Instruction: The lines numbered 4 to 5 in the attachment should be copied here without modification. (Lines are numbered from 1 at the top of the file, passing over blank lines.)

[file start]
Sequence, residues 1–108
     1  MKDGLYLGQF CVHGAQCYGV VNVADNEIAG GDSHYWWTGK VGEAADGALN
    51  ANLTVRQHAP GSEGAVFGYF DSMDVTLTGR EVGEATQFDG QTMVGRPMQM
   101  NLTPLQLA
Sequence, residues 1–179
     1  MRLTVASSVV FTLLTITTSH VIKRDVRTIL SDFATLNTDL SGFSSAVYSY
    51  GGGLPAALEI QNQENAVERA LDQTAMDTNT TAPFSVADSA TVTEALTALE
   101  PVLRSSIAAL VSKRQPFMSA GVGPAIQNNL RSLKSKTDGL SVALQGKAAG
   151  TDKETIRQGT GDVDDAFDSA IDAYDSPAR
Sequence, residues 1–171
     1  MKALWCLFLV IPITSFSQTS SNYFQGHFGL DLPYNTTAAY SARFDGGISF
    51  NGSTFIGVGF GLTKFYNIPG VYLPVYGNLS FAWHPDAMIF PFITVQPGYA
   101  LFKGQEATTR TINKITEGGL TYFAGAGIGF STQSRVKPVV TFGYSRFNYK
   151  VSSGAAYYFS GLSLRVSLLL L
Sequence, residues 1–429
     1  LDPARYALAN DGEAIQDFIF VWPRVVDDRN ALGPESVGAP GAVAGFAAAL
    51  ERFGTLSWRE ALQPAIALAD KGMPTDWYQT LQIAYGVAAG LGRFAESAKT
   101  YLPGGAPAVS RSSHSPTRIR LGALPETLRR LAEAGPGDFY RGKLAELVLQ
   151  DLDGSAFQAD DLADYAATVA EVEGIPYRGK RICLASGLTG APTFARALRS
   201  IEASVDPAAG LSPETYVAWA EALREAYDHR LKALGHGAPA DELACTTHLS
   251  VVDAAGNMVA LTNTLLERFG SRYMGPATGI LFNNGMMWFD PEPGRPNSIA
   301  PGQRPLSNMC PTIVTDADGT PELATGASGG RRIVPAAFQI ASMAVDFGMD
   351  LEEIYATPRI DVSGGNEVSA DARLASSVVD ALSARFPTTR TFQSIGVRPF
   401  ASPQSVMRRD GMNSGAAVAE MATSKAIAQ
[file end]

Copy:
   101  NLTPLQLA
Sequence, residues 1–179